Work House where the stone was cut.

Institution Activity in First Years

The reformatory's first "agent and warden" was Silas W. Berry, a farmer and political figure from Norwich, NY. He was appointed in August, 1900 as the institution was preparing to open, at a salary of $3,500 plus maintenance (room and board). He arrived with his wife, his daughter, and his pet crow. He also brought a horse and a cow, and had his chickens sent after him. Since work on a warden's residence would not even begin for another five years, the Berry's moved into temporary apartments on the upper floors of the central structure.

Silas W. Berry was a farmer from central New York State, who served as Eastern's first superintendent. He lived in the main building of the facility with his family, and he served as superintendent from August 1900 until December 1903.

The health of the inmates was generally good (early annual reports repeatedly point to universal weight gains) and there were no deaths in the first two years. Four inmates died in 1903, of nephritis, neuralgia, meningitis, and heart disease. In 1904, two inmates hanged themselves, and the institution recorded its first death from tuberculosis; cases of TB would rise rapidly over the next 10 to 15 years, as they did in other prisons and the free population of New York State. But by and large, health remained good, owing to regular outdoor activity -- the institution "program" was construction and farming -- and reasonably good nutrition and medical care.

In the first years, no prison industries were established at Napanoch, and its prisoners were officially classed as "idle" by the Prison Department since they generated no income to the state. In fact, they were anything but idle. Prisoners toiled mightily -- building and farming, saving a great deal of money that would otherwise have been paid to outside contractors and food vendors. They were engaged in leveling the slope from the mountain ridge to the creek, grading the grounds, laying a temporary 1,500 foot sewer (a job entailing changing the course of a mountain stream and constructing a canal), building roads about the facility, and plastering and bricking the cells in the North and South wings. They also manufactured all their own clothing and shoes . . . .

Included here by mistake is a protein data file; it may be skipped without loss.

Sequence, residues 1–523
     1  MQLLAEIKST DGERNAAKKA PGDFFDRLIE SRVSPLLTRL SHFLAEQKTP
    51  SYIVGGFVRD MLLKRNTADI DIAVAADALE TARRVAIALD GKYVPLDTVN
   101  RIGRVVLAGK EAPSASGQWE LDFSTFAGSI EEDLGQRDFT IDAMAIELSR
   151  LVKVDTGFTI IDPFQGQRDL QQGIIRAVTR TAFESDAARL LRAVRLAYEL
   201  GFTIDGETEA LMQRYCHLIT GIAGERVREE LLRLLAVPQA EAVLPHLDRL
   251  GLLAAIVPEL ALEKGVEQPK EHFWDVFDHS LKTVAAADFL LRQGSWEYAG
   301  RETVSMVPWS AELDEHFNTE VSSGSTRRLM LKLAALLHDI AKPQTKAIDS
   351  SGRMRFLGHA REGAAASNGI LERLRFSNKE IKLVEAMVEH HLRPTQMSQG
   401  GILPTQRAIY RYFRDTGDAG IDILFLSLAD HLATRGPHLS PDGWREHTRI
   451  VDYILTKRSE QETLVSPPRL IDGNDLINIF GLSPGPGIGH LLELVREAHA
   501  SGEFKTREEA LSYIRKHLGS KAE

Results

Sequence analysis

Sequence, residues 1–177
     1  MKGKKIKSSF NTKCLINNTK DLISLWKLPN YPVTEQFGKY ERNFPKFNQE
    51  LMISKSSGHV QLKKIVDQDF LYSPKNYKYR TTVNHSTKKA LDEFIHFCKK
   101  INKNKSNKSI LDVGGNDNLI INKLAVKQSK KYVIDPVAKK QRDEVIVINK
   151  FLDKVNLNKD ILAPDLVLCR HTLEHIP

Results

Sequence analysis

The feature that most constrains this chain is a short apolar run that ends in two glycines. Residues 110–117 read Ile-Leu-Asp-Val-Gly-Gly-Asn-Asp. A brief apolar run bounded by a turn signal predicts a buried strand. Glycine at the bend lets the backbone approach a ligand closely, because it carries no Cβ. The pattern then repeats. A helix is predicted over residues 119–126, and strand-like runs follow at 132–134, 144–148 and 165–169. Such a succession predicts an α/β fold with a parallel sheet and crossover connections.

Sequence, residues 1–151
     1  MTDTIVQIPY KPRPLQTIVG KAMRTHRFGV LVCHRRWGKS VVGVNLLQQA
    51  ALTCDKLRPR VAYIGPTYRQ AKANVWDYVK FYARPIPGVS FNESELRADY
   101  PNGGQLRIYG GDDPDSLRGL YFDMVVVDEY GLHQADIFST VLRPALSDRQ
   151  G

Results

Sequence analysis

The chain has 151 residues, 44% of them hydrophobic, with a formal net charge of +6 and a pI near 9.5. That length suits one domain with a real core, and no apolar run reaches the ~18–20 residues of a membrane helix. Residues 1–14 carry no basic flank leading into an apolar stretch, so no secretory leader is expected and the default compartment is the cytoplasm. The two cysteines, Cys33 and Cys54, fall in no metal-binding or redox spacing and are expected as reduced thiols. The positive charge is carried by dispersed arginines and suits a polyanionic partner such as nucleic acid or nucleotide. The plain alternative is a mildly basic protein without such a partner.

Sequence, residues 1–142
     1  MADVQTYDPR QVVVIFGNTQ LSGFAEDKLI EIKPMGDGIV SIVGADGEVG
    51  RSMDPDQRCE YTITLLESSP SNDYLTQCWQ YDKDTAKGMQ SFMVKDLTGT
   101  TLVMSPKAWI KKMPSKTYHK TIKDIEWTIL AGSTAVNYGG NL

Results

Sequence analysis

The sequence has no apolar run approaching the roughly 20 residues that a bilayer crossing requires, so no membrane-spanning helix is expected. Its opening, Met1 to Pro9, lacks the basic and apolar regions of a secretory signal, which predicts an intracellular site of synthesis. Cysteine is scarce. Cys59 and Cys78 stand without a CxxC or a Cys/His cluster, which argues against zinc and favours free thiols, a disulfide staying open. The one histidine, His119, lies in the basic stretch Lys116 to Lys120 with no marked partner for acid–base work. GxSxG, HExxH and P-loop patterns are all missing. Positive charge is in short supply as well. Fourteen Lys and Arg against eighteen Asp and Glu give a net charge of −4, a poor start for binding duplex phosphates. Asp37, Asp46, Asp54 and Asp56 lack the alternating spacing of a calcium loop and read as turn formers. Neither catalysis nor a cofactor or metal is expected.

An icehouse was built adjacent to a pond. A horse barn, hen house, hog pen, and a shed for storage of wagons, sleighs, and farm tools were built. A sewage disposal plant was constructed, enabling the men to fill in the "sinks and trenches" in use before.

A temporary stockade fence was erected around the prison -- the permanent 2,800-foot concrete wall would take a quarter century to complete. Prisoners broke 1,100 cubic yards of stone by hand in 1902; in 1903, a 200 by 20-foot building was erected specifically for breaking and cutting stone, and in 1907, work picked up speed with the purchase of a stone crusher.

Warden Berry discovered that, of the 272 acres comprising the reformatory property, only 20 were tillable, the rest either mountainous or exhausted by lease farmers in the preceding years. He recommended that additional land be purchased, and also requested funds for a green house. In the interim, the farm appears to have been surprisingly productive, supplying 4,500 pounds of pork the first year and a great many vegetables.

The Railroad Station at Napanoch.

The superintendent reported happily in 1902 that the Ellenville and Kingston branch of the Ontario and Western (O&W) Railroad had been built through state property, with a depot and freight-house within 600 feet of the prison. The anticipated completion of the railroad had been one of the factors in the decision to select Napanoch for the prison, as it would greatly reduce transport costs for coal, freight, and prisoners.

In 1904, during Warden Jacobs Snell's tenure, prisoners built a road to the railroad station, and one to King's Highway (today's Route 209). . . Aside from labor, there was absolutely nothing in the way of a correctional program. The only diversions were the Sunday religious service and the loan of one book a week from the library, stocked the first year with 683 volumes and periodicals contributed by local citizens, churches, and the Christian Endeavor Society.

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